Hannah Arendt defines work as the creation of objects that construct the world in which humans can inhabit. It is, in a sense, culture itself. The local artisanal character of makers and craftsmen throughout history is a manifestation of our cultural identity. They create it through their actions, and their accumulation creates the ability to dwell in humanistic existence. Thus, our project deconstructed the craft concept into three main processes: Sense, Think, and Do.


The invention of automation and assembly lines, while opening ample workplaces – reduced the worker to specific tasks while disconnecting him from the entirety of the artifact creation. In addition, the specialization of labor, Kark Marx claimed, alienated the worker from the products of their work, alienated them from the work process. For the craftsman, this means both the loss of value (as cost) of his work. And for the fabricator, it’s the disintegration of the holistic process – disconnecting sensing from thinking and doing.  The holistic view of the vision, body, tool and artifact is scattered. The body is subordinated to the tool and the machine. The golem has risen on his creator.

In recent years, voices are calling to rethink our relationship with our tools and imagine a different relationship between man and machine. In the potential of collaborating with machines in the creative process and fabrication.   Unlike the mute industrial machine or the traditional silent, simple tools, robotics can have an agency of their own. By this, the robot becomes a collaborator and interpreter for the master craftsman. We see this as a call to revisit the underlying processes that make the craft and its mastery and then consider how we can communicate seamlessly? What are the possibilities that can emerge?


1.How can we use digital senses to transfer knowledge from the craftsman to the Robotic arm?
2.Can we teach craftsmanship to robotics and make them our collaborators in the creative process?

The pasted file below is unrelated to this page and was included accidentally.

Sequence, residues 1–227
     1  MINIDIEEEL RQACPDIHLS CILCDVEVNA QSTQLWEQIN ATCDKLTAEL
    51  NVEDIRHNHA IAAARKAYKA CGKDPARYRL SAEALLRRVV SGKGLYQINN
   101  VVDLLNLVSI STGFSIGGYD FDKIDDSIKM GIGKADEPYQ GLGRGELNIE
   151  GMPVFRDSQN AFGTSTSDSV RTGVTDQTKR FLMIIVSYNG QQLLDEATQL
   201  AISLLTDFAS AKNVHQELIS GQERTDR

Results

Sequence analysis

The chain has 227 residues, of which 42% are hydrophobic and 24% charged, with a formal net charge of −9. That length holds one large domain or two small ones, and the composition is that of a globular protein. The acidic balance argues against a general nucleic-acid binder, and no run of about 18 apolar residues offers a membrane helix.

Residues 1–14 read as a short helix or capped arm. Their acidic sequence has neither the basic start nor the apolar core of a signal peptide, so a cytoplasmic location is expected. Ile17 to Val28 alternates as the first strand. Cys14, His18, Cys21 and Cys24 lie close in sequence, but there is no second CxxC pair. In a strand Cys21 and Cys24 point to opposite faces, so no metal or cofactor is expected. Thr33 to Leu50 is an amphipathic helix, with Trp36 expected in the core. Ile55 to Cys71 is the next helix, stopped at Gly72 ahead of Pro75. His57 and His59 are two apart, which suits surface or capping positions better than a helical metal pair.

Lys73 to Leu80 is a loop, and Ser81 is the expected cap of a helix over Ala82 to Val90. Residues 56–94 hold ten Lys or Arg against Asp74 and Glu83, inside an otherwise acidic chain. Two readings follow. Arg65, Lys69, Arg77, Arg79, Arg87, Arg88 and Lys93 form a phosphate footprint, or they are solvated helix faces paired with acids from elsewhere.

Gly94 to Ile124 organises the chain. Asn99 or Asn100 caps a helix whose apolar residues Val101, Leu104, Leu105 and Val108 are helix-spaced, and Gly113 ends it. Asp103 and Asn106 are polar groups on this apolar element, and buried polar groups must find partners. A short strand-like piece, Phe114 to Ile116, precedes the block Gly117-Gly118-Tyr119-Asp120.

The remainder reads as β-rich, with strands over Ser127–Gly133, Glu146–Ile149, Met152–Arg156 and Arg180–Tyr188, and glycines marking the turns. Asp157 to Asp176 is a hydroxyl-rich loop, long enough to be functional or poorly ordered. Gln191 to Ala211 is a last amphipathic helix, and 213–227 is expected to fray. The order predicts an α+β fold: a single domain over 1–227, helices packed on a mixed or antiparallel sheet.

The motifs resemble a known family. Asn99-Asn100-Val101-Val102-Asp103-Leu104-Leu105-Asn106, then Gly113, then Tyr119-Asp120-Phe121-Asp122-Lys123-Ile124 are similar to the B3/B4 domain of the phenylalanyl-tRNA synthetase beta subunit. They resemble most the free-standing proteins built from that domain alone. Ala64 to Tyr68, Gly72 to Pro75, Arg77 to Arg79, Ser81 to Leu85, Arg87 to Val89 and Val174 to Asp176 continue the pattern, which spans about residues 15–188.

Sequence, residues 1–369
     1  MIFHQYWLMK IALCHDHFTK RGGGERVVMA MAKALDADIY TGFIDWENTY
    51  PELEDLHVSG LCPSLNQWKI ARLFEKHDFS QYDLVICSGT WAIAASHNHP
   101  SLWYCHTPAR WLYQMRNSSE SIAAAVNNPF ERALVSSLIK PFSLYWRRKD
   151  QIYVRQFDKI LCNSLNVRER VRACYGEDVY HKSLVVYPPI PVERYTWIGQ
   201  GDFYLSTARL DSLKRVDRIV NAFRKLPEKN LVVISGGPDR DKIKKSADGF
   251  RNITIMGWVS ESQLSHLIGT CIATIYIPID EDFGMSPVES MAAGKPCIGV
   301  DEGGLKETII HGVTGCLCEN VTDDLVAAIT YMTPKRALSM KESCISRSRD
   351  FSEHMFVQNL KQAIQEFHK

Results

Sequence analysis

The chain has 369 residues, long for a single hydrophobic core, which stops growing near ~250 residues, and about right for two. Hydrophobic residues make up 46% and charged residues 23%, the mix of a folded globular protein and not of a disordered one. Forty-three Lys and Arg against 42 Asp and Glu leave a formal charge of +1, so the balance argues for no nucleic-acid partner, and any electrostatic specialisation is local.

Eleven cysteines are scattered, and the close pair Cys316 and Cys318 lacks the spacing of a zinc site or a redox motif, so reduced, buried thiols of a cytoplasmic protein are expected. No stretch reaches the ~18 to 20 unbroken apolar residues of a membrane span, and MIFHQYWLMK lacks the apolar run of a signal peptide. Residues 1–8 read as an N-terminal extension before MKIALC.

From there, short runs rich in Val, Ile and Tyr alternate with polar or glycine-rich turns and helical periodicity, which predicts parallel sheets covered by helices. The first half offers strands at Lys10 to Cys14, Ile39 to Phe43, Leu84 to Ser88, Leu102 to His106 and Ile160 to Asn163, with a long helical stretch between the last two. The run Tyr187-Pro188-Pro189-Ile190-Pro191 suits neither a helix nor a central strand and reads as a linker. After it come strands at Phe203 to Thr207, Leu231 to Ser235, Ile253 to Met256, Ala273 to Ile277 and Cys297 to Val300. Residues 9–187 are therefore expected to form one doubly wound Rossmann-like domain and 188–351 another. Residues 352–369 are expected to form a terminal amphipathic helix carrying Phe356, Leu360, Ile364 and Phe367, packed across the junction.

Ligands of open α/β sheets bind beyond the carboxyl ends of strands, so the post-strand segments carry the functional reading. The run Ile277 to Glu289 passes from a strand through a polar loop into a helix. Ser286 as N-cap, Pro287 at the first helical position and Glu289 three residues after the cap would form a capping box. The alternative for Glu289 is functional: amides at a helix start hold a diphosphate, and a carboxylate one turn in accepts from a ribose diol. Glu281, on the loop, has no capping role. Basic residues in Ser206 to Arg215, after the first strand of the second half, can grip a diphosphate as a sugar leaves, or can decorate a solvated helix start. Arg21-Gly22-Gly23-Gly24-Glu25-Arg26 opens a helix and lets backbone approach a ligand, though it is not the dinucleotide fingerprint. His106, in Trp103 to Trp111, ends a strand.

3.Can we connect the robot intuitively to the craftsman, so it’ll become his instinctive extension?

These three questions are the core agenda of this research and lead us to distinguish and find the proper technologies to respond to our concept. To summarize, our research motivation is: we want to learn…the tacit knowledge from the craftsman body. We believe that recording those nonstructural data via a sense to shift to robotic fabrication can challenge more complicated robotics applications and revise the loss of craftsmanship.


Start from sense, The main question as we saw it for the sensing is – How can we analyze his way of sensing and operating on the material. In short, what for us meant is how we can sense the craftsman’s movements. The strategy for this research to respond to this issue is to obtain data on the artisan’s body through sensors and compare their kinematics with the robot motion system. The sensors we use are divided into two categories: the first is motion capture, and the second is sampling the force exerted by the craftsman. We can digitize the skills hidden in the motion system through these methods and connect the actions and materials.

Motion Capture

Nowadays, many Motion Capture Systems are developed with a lot of off-the-shelf products about state of art. Still, basically, they can generally be split into two categories: Optical and Non-Optical Systems. In our exploration, we decided to explore both approaches to motion tracking: image-based (Google Media Pipe ) and sensor-based. (IMU & HTC tracker) .